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MLS 2017: Top 5 U-22 Players of the Season


Andrew Thompson sits down and takes a look at, who in his opinion, have been the best of a bright group of U-22 players in the MLS in 2017


Despite its obvious shortcomings, the MLS isn’t the massive pile of refuse that it’s so often billed to be. It has had its fair share of struggles over the years, many of them in fact, but success doesn’t come without finding ways that do not work.

Many will bang on – and rightfully so – about no relegation, the playoff format, different conferences, a usual heavy reliance on the NCAA draft (at the very least historically), and a convoluted system for roster management and player acquisition.  But what Major League Soccer does seem to be making headway in, is its propping up of young talent.

The MLS has always promoted faith in young players.  I can remember back to the days of players like a young Taylor Twellman, Kyle Martino, Alecko Eskandarian, and many others; players who at the time were themselves under-22 and made waves domestically.  But young players of the past and young players who currently ply their trade on American shores are vastly different; young players today in the states are vastly superior.

As the league moves forward in search of an improved reputation and the right identity, it’s the younger players who will lead the way in either making or breaking an MLS project which just completed its twenty-first season.  Here now are our top five U-22 players of the 2017 MLS season.

5. Cyle Larin // 22 // Orlando City SC // Centre-Forward

They may be dominant at hockey, but Canada has never excelled at producing talented footballers in abundance.  However, the careers of all-time leading scorer Dwayne De Rosario, and the likes of Paul Stalteri and Atiba Hutchinson, prove that there is potential; so maybe it’s fitting that one of the most potent strikers in MLS over the last three years happens to be Canadian.

A product of early exposure to a higher level, Cyle Larin owes much of his success to the early years of his development at Sigma FC, a local youth academy near his native Brampton.  Larin joined age eleven in 2007, and by the time he graduated six years later, the center-forward had trained with Hertha Berlin, Wolfsburg, Werder Bremen, Club Brugge, and Racing Genk, all thanks to his time with Sigma.  It was these experiences at a higher level that found him committing to the University of Connecticut, one of the most laudable college programs in the US.  After spending two years with UConn, and a brief return with Sigma, Larin was drafted by the newly formed Orlando City SC in MLS, despite rumored European interest.

Three years on, Larin sits with a near 50% strike rate for Orlando (43 goals in 87 appearances), and has led The Lions in scoring in all three seasons, including seventeen goals in his rookie season in 2015.  Bobby Smyrniotis, Technical Director at Sigma, had the highest praise for Larin before he left the academy, and it appears that said praise was well founded.  A very good all-around center forward, with a strong eye for goal and strength on the ball, it can be argued that Larin has been Orlando’s most important player since their inception.  Though he does suffer with a bit of inconsistency from time to time, and can be unreliable on the defensive side of the ball, Larin’s goal record in MLS, for such a young player, more than makes up for his short comings.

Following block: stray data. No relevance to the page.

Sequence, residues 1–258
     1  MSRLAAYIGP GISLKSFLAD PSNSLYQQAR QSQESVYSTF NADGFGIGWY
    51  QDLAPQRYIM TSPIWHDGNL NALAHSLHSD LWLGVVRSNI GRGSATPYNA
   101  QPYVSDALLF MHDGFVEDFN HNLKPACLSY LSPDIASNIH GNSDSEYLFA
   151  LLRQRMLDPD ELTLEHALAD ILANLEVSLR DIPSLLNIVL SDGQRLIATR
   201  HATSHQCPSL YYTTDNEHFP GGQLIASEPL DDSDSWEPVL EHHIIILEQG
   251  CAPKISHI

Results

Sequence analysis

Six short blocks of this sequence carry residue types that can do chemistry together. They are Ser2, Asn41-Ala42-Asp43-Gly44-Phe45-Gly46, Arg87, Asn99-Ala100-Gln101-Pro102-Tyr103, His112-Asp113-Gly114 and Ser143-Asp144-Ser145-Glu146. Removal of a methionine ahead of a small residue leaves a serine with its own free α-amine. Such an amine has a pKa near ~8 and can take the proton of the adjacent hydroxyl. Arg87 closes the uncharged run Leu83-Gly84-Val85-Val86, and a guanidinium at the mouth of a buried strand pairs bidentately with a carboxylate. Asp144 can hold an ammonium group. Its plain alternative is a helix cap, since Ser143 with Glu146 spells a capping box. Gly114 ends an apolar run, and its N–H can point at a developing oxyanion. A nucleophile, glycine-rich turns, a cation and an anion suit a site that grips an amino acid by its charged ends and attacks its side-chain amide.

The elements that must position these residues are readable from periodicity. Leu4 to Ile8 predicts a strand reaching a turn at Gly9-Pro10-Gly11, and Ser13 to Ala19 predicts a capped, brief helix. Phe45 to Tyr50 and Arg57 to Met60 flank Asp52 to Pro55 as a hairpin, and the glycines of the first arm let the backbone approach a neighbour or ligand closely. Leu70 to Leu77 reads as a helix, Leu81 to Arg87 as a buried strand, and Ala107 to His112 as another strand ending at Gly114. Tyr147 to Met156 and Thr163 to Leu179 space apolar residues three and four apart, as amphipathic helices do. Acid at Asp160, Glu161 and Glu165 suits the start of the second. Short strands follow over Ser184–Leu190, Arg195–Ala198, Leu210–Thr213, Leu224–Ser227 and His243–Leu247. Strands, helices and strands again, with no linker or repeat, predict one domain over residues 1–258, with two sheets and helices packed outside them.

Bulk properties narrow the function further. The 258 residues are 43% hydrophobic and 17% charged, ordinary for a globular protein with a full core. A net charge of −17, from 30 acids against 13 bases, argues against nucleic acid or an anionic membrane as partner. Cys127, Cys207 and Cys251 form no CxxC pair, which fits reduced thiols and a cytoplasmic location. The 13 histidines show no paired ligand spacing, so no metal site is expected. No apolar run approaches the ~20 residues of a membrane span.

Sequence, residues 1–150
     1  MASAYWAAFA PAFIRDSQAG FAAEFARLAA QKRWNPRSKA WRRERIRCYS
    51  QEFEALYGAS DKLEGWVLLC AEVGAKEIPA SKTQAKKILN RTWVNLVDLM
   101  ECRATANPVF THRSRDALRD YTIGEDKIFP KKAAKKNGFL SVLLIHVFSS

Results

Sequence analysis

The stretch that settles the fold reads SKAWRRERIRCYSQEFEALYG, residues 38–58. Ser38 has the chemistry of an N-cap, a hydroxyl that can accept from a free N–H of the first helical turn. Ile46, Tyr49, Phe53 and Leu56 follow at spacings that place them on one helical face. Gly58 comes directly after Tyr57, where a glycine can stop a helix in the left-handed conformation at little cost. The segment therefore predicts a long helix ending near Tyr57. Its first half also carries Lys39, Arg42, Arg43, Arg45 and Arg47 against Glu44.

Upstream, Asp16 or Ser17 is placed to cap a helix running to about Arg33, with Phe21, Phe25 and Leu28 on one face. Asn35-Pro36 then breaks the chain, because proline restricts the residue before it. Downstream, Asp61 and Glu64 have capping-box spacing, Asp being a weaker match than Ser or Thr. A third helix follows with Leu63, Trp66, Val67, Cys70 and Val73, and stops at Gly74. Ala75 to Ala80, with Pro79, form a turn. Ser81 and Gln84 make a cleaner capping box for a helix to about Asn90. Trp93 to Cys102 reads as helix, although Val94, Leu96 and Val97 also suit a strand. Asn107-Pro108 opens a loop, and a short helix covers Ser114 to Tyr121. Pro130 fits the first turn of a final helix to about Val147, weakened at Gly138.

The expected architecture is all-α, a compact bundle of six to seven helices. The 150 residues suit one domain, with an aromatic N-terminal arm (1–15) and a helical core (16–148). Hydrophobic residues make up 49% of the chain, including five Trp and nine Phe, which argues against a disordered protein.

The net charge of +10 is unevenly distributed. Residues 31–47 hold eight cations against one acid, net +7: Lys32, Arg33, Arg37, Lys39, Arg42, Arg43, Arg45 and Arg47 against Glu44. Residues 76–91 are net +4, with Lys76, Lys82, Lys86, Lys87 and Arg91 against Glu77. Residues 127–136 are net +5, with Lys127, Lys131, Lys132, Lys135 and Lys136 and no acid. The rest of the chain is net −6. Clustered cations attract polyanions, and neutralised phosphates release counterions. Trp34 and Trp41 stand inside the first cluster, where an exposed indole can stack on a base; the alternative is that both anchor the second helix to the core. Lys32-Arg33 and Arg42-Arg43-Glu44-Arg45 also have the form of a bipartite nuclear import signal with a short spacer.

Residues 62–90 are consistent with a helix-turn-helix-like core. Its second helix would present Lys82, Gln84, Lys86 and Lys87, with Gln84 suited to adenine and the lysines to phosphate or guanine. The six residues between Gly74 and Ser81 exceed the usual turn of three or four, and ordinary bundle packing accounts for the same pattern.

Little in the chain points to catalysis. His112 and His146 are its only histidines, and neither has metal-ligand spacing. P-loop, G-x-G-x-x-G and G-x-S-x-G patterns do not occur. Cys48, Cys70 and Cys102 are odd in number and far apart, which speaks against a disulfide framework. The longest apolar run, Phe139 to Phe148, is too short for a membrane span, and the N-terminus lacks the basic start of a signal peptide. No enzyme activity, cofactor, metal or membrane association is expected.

With rumors beginning to pick up steam that the Canadian international will swap MLS for Europe before the beginning of next season in a bid to fulfill a long-standing career goal of playing abroad, one must wonder if Smyrniotis will be fancied for his sage-like words on Larin four years ago.  Like every other player on this list, Larin could certainly find himself in Europe eventually.

4. Diego Fagundez // 22 // New England Revolution // Left Winger

One of three foreign-born players to make this list, Diego Fagundez has been one to watch for quite some time.  His root to the professional ranks was more traditional than Roldan and Harrison, though.  Born in the Uruguayan capital of Montevideo, Fagundez moved to Massachusetts at the age of five, and soon joined his local youth side.  After two additional stints at other clubs, as well as three years in the Olympic Development Program, he signed with New England Revolution’s youth academy in 2009.  A year later, the Revs made him their first-ever homegrown player to sign a contract with the club, but it wasn’t until 2012 that he genuinely broke into the first-team.

After making twenty appearances in 2012, the soon-to-be Uruguayan U-20 international would explode in the following season to the tune of thirteen goals and five assists in thirty-one league appearances; he’s been a key asset ever since.

Incredibly confident on the ball, Fagundez lives and dies by cutting into central areas from the left-hand channel.  A creative outlet when both providing as well as generating space when on the ball, his decreased yearly goal production since 2013 is not indicative of just how influential he really is.  While he may not be all that reliable on the defensive side of the game, going forward, he’s everything you want in a modern left-sided player; tricky, intelligent, decisive, and an effective finisher overall.

Most importantly perhaps, is the potential that he could possibly switch allegiances and represent the US at the full national level.  Though capped six times for the Uruguay U-20’s, Fagundez, now twenty-two, must only have one more year of continuous residency in the US (per FIFA rules) before this could become an option.  If he does consider it, the USMNT program would be foolish to not give him serious consideration as they look to rebuild after failing to qualify for Russia 2018.

3. Tyler Adams // 18 // New York Red Bulls // Defensive Midfielder

Americans truly are sports crazed, and there is no denying that.  But one story line above most others tends to occupy our way of thinking when it comes to the games we follow, and that’s meteoric rises of talented young players.  Though the careers of Freddie Adu and (likely) Gedion Zelalem did not materialize as wanted, it was Landon Donovan that ignited a hope in many of Uncle Sam’s faithful followers that the country can continue to bring through young players of quality.